Mythologies Summary & Study Guide

This Study Guide consists of approximately 53 pages of chapter summaries, quotes, character analysis, themes, and more - everything you need to sharpen your knowledge of Mythologies.
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Mythologies Summary & Study Guide Description

Mythologies Summary & Study Guide includes comprehensive information and analysis to help you understand the book. This study guide contains the following sections:

This detailed literature summary also contains Topics for Discussion and a Free Quiz on Mythologies by Roland Barthes.

This short but intellectually dense book examines contemporary mythology from two distinct perspectives. Specific manifestations of the relationship between myth and popular culture are explored in the series of short essays making up Section 1. Section 2 consists of a lengthy essay examining and defining, from the author's personal perspective, the general ways in which myths function and are defined.

Mythologies is written in two sections. The first consists of a series of essays on myths and the use of the mythic language associated with a diverse range of images in popular culture. In an introduction, the author writes that these essays were written, one a month, over a period of approximately two years. He also writes that the essays grew out of "a feeling of impatience at the sight of the 'naturalness' with which newspapers, art and common-sense constantly dress up a reality ... undoubtedly determined by history." This statement contains a key thematic element of both Section 1 and Section 2—the belief that the creation and understanding of myth is a function of human experience in particular times, places, and circumstances.

The essays in Section 1 examine a wide range of examples of such experiences, albeit a range limited to experiences in France (the country in which the author resided) in the 1950's (the time at which the book was written). Tourism, cooking, striptease, advertising, literature, film, many more - all, in the author's perspective, manifest mythic language, and all manifest the particular purpose of myth as defined by the author in the second half of the book - to manipulate public perception and experience.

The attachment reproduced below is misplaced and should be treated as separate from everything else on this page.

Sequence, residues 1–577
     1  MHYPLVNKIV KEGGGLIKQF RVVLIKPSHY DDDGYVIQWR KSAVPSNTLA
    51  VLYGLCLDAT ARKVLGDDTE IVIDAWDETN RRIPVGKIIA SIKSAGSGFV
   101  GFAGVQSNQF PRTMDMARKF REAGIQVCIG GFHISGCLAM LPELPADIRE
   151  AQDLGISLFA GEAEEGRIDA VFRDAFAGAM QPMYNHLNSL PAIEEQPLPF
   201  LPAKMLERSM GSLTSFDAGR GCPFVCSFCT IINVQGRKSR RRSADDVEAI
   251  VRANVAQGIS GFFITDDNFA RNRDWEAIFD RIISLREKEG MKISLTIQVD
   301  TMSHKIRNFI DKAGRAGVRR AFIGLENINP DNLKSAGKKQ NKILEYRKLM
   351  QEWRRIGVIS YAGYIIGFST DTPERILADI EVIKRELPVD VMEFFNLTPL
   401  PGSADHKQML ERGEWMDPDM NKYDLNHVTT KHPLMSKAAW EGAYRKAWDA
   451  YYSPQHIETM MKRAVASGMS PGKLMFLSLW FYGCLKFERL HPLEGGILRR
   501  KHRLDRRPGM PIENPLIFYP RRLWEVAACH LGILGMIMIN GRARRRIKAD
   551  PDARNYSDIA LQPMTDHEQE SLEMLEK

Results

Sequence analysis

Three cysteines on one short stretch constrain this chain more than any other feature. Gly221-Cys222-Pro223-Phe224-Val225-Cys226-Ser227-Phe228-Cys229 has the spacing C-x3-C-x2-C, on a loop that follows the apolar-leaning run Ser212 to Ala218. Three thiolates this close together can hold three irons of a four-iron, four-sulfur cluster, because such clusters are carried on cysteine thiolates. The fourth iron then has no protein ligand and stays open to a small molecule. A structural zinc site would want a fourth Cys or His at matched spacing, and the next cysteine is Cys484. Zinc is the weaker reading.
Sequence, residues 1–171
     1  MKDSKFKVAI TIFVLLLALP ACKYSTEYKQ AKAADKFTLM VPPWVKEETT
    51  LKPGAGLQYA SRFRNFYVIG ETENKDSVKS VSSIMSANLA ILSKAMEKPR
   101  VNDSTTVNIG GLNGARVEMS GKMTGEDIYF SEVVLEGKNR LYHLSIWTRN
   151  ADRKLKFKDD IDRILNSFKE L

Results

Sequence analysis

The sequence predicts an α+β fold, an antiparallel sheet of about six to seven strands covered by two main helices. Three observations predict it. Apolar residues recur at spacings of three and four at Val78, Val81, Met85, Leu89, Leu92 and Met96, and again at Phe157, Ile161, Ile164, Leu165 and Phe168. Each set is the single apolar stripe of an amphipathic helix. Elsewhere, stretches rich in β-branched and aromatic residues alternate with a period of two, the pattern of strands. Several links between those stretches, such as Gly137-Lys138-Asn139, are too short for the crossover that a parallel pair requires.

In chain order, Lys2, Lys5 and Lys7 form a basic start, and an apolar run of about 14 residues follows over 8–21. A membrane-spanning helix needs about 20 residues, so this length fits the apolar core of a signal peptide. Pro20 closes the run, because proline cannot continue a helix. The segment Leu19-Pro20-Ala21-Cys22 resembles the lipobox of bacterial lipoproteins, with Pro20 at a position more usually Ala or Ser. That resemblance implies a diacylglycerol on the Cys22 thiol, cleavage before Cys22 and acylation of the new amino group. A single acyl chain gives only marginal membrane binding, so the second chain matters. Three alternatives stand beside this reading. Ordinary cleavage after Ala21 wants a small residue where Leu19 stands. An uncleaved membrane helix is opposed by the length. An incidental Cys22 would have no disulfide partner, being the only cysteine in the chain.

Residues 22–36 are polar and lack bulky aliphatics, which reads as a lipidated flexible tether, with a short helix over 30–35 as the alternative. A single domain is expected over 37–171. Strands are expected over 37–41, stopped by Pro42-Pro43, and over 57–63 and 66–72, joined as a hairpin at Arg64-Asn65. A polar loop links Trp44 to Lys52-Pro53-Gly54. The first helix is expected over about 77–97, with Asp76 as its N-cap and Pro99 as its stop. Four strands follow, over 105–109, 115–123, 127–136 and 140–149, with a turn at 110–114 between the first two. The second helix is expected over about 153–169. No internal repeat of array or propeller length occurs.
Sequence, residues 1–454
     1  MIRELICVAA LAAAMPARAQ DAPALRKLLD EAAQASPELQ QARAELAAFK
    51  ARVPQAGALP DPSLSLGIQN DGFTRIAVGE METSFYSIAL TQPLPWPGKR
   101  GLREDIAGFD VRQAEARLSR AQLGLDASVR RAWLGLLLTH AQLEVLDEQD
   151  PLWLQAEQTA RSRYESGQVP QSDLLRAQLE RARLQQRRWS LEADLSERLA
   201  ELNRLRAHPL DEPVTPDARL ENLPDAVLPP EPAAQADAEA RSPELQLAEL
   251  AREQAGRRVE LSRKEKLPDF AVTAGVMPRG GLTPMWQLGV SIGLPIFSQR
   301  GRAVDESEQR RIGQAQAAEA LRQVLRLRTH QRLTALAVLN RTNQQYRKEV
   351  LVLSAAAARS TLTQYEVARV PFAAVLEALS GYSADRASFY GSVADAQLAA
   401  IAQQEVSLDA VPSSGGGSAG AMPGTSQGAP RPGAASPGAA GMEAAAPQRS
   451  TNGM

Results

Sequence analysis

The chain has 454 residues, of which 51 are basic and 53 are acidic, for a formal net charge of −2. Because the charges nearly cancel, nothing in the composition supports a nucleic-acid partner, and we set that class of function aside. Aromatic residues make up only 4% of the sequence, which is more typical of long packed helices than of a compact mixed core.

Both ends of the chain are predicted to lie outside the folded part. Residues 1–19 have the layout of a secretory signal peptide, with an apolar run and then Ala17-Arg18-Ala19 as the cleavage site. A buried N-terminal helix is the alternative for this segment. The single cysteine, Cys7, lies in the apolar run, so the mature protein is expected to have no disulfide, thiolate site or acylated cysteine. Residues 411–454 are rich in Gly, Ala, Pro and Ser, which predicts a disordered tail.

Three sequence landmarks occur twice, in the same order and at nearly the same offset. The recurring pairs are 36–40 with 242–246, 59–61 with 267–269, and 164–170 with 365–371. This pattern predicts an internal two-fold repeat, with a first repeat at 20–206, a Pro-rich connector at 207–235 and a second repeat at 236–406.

Section 2 is subtitled Myth Today, and consists of a complex, detailed, theoretical examination of the construction and function of myth. The author begins his essay with the statement that myth is a form of language/speech, and goes on to de-construct mythic language into its various components. The arguments here are densely intellectual, defining the development of myth as a rational exercise in delineating perception. Without actually using the word, he presents the theory that myth is a kind of culturally sanctioned propaganda, using images with universal resonances and commonly understood meanings to tell individuals what and how to feel about being human.

Central to the theories developed in both Sections 1 and 2 is the idea that the need for this imposed, propaganda-like experience of culture, as well as society's perception of it, are defined by the bourgeoisie, or working/consumer class. The examples in Section 1 of how mythic language is used are all taken from bourgeoisie popular culture, while the theories developed in Section 2 are founded upon the premise that the working class has no interest in, and is indeed threatened by, any knowledge of experience beyond their own concerns. In essence, the author seems to be proposing that myth, in contemporary culture as in the past, is simultaneously a simplified explanation for human experience and a facade protecting everyday humanity from the dark, despairing, existential depths of that experience.

There is, the author acknowledges in the final section of Myth Today, a paradox in this idea of "myth as mask." He writes that myth, in these terms, is simultaneously necessary and dangerous—necessary because it keeps humanity from full awareness of its darker side by offering palatable explanations, dangerous because it keeps humanity from full consciousness of the dangers associated with that darker side. He writes in conclusion that a reconciliation between reality and humanity's need to protect itself from reality must be sought, implying that myth has the potential, if not the actual, capacity to act as the medium for that reconciliation.

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